Pharmacogn Mag. Aug 2014; 10(Suppl 3): S501–S505.
New steroidal saponin from Antigonon leptopus Hook. and Arn.
Antigonon leptopus Hook. and Arn., Polygonaceae (cadena de amor), is a herbal remedy for pain and gout-like symptoms in the Philippines. The methanol extract of A. leptopus have shown strong inhibitory action against xanthine oxidase.
To isolate and identify the compound responsible for the xanthine oxidase inhibitory action.
Materials and Methods:
A bioassay-guided isolation scheme using an in vitro assay for the inhibition of xanthine oxidase was employed. The structure was established using spectroscopic analysis and chemical methods.
The isolated compound was determined to be a noncompetitive inhibitor of xanthine with an IC50 of 1.79 μg/mL.
The isolated compound may represent a new class of xanthine oxidase inhibitors.
Keywords: Gout, medicinal plants, saponin, uric acid, xanthine oxidase
Antigonon leptopus Hook. and Arn. is a woody, perennial member of the buckwheat (Polygonaceae) family commonly found in tropical Asia, Africa, the Caribbean and the Americas. Its common names include cadena de amor, flores kadena, bride's tears, chain-of-love and confederate vine. It is propagated by seeds or cuttings and is mostly used as an ornament. The bark, fruit, leaves, and seeds of this plant also have widespread applications in folkloric medicine. In the Philippines, the aerial parts of the plant are used as an anti-inflammatory agent and for wound healing.[1,2] In Trinidad and Tobago, the leaves are used for diabetes, urinary problems and low blood pressure. Preliminary studies on the activity of crude extracts of A. leptopus in inhibiting the action of xanthine oxidase (XO) had been done. Results of phytochemical profiling included cardiac glycosides, steroids, tanins and terpenoids among possible types of compound responsible for this bioactivity. Being a traditional medication used for inflammation and pain, these compounds may potentially find application as new XO inhibitors.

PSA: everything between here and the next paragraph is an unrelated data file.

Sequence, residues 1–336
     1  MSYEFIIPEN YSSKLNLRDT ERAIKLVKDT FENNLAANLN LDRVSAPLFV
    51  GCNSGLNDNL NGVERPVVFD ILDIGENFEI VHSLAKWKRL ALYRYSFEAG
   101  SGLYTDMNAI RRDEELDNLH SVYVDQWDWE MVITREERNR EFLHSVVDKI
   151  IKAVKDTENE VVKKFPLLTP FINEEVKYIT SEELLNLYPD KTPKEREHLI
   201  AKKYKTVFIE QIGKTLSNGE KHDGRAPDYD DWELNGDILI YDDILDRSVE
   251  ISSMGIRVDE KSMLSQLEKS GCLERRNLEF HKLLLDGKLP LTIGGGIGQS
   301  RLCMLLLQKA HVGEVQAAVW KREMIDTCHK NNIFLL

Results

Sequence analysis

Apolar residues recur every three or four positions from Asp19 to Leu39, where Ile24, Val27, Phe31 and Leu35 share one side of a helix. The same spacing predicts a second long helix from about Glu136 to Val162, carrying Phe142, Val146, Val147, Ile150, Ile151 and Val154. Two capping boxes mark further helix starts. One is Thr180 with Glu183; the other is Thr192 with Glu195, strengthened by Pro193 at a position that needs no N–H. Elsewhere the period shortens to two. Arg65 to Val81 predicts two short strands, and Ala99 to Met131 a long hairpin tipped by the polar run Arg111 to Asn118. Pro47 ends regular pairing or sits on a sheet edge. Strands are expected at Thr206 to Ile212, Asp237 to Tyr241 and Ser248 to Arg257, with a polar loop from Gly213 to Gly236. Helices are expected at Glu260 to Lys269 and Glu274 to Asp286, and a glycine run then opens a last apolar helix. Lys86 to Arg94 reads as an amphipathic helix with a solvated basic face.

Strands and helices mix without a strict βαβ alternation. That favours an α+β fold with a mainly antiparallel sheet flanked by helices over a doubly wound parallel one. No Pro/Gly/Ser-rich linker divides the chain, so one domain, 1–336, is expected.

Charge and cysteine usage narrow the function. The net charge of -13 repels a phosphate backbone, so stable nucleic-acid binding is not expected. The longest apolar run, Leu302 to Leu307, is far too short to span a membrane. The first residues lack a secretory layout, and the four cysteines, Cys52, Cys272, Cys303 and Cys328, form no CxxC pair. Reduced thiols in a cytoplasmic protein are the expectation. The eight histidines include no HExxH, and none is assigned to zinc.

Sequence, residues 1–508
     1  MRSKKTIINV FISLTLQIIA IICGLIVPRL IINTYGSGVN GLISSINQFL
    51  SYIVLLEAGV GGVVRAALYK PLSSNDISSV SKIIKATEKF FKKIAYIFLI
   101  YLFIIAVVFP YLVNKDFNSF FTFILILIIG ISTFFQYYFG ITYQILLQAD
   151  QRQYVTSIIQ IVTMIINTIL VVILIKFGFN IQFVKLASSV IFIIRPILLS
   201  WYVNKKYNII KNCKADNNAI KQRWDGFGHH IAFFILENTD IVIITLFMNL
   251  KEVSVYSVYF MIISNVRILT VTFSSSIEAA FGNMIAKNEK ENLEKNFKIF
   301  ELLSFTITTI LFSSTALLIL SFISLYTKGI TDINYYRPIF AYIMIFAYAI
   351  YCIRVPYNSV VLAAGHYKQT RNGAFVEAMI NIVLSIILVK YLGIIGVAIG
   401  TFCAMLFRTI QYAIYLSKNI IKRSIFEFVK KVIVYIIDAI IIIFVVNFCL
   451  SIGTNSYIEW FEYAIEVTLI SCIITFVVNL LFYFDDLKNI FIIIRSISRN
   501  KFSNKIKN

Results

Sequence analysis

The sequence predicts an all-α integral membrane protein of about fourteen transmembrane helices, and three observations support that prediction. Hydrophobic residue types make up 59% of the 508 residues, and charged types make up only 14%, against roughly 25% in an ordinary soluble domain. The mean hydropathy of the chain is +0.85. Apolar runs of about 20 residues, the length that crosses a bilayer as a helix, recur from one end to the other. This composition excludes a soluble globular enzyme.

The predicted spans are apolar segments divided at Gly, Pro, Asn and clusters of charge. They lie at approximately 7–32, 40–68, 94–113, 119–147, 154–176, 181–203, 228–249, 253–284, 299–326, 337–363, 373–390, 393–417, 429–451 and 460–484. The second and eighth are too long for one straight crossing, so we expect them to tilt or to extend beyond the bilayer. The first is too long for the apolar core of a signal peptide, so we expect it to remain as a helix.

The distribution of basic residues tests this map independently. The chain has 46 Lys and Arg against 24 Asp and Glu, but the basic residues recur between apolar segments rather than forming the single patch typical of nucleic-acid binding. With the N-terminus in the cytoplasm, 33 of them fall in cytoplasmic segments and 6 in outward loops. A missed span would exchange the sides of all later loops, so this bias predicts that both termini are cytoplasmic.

The only commercially available XO inhibitor to date is allopurinol (1,5-dihydro-4H-pyrazolo[3,4-d] pyrimidin-4-one), a purine analog in clinical use for >30 years. Despite generally acceptable efficacy and safety profiles, very rare but serious adverse reactions of allopurinol administration occur including interstitial nephritis, renal failure, hepatotoxicity, vasculitis, and an array of skin rashes varying from mild to very severe and life-threatening allopurinol hypersensitivity syndrome.[6,7] The recurrence and severity of gout has been reportedly increasing over the last decades and it continues to be a major health problem due to shifts in diets and lifestyles.
As part of our effort to search for new biologically active compounds from local herbal remedies, a new saponin, with a steroidal backbone was isolated from A. leptopus. In this paper, we present the result of the isolation, structure elucidation and XO inhibitory activity of this new compound.
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